Breaking News
Iran unveils new 'suicide drone' Open in fullscreen

The New Arab & agencies

Iran unveils new 'suicide drone'

The new drone is 'primarily for maritime surveillance' []

Date of publication: 26 October, 2016

Share this page:
  • 0

  • twitter
Iran's elite Revolutionary Guards say they had developed a 'suicide drone' capable of delivering explosives to blow up targets at sea and on land.

Iran's elite Revolutionary Guards said on Wednesday they had developed a "suicide drone" capable of delivering explosives to blow up targets at sea and on land.

The new drone is primarily for maritime surveillance and "has not been designed to be armed with missiles," the Tasnim news agency, which is close to the Guards, reported.

"(But) it can carry heavy payloads of explosives for combat missions to launch suicide attacks.

"Flying at a high cruising speed near the surface of the water, the aircraft can collide with the target and destroy it, either a vessel or an onshore command centre."

Tasnim said the drone was designed to fly as low as two feet (half a metre) above the water at a speed of around 250 kilometres (160 miles) per hour but could reach an altitude of 900 metres (3,000 feet).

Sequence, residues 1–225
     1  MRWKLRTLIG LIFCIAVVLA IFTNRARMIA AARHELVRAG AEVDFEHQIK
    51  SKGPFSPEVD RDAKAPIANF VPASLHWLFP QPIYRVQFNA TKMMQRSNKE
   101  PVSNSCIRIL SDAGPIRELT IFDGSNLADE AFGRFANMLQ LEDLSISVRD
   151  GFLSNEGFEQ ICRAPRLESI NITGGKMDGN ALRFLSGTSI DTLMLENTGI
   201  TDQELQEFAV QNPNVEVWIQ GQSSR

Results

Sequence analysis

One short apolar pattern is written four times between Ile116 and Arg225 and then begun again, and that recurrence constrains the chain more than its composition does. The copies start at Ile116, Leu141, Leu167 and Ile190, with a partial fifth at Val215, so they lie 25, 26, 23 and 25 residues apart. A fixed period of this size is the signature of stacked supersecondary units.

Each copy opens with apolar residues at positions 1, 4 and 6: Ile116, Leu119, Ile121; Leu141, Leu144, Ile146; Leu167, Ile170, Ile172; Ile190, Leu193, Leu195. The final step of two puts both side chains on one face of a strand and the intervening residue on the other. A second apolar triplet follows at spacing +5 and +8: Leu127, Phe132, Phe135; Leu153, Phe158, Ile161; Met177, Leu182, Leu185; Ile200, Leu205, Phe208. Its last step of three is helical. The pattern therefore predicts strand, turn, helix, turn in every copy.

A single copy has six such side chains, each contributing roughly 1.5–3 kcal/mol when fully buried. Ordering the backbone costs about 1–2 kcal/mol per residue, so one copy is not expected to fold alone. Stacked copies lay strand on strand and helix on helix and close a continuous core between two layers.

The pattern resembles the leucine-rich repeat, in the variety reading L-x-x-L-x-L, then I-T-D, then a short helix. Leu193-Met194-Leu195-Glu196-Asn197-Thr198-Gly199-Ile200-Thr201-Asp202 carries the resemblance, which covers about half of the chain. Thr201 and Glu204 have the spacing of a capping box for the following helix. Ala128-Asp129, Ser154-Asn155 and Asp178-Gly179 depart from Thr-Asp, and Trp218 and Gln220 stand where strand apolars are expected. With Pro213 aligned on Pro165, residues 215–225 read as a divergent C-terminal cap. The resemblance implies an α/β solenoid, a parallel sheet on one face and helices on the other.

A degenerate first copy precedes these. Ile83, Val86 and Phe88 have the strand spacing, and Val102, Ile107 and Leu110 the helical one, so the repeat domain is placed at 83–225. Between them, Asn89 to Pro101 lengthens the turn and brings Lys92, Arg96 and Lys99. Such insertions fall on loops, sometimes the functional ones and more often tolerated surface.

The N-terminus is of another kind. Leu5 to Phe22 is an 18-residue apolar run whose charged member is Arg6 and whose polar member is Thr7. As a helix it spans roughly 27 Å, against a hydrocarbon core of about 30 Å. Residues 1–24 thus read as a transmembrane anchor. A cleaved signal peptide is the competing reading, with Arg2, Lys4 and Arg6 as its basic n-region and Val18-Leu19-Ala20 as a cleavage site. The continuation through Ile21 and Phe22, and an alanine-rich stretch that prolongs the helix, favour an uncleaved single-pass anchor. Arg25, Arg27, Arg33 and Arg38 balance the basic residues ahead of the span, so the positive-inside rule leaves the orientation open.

As with previous drone announcements by Iran, the news agency released photographs of the aircraft on the ground, but no footage of it flying.

"It has an advanced military camera with the capability of being used at night and during the day, as well as the possibility of being used in damp sea conditions," Tasnim said.

Earlier this month, the Revolutionary Guards claimed to have produced a new attack drone, the Saegheh (Thunderbolt), by reverse-engineering a US Central Intelligence Agency RQ-170 Sentinel drone that was captured in December 2011.

Iran claimed one of its cyber warfare units took control of the US drone and landed it safely, while the US says a technical problem caused it to crash.

The Guards released pictures of the Thunderbolt, but no footage of it in flight.

The New ArabComments

Most Popular

Most Popular

    Read More